Intubation vs. Tracheostomy, by Emily Dulgar RN, Birchaven Village
When you hear a physician say that you or a loved one needs to be intubated or needs a tracheostomy, it is important to understand the purpose of these and how they differ.
A tracheostomy (trach) is a procedure in which a doctor surgically makes an incision in the trachea, sometimes called the “windpipe.” Tracheostomy procedures are performed when there is an obstruction in the airway and intubation is medically not possible, a patient has inefficient oxygen delivery or has problems with secretions.
Once the incision is made, a tube is placed in the windpipe. This tube holds the airway open and allows air to move in and out of the lungs. When a trach is placed, one may be able to breathe without a breathing machine, also known as a ventilator, or a ventilator may be needed.
When a tracheostomy is no longer needed, it can be removed and allowed to heal on its own, or the physician may close it surgically. Patients can be discharged home with a trach; but with that, comes new learning experiences. A trained respiratory therapist or a professional nurse will help you and your family learn to care for the trach.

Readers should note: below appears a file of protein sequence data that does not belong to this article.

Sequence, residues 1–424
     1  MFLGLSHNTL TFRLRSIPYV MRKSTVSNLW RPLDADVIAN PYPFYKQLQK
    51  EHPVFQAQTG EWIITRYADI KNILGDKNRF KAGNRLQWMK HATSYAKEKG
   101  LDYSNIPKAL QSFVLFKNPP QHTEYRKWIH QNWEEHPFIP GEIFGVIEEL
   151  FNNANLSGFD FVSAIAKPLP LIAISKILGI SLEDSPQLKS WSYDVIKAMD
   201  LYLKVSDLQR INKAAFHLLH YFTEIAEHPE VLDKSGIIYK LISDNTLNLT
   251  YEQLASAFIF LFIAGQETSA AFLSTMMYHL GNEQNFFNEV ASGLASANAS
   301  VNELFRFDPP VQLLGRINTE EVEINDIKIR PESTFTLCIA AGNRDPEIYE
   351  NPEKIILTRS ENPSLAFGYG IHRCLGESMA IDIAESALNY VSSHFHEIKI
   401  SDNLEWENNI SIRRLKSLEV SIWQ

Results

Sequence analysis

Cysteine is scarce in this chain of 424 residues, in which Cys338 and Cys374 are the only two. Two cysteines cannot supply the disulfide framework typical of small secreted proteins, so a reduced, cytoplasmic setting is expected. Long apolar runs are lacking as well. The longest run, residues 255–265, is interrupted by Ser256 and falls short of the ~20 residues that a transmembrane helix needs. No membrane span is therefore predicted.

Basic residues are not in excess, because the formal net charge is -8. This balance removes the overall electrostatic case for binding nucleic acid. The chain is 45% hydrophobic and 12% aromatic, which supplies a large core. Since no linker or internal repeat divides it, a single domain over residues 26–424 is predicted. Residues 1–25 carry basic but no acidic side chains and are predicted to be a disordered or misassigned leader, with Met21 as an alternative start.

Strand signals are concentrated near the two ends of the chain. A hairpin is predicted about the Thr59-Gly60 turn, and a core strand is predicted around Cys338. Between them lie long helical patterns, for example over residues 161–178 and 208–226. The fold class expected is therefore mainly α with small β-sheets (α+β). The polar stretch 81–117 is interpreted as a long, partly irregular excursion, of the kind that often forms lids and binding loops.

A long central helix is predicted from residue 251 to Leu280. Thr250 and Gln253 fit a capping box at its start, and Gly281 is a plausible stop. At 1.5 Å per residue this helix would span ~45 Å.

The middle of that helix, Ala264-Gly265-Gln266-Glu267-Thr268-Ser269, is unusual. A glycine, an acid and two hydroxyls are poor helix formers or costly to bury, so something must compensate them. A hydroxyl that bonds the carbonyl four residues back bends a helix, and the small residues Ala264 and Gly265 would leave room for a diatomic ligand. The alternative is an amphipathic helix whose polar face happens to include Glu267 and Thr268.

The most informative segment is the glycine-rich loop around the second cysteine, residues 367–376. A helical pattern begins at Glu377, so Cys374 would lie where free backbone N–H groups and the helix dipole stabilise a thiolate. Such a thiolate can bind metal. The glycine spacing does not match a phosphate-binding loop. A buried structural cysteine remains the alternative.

Intubation (or being intubated) is the process in which a breathing tube is placed into the mouth and down the throat to provide oxygen via a machine. Intubation is done when one cannot maintain their airway on their own due to anesthesia or illness. Often, a person is intubated for a short time, and a person would not go home when they are intubated. Patients cannot be discharged with intubation and must have medical supervision.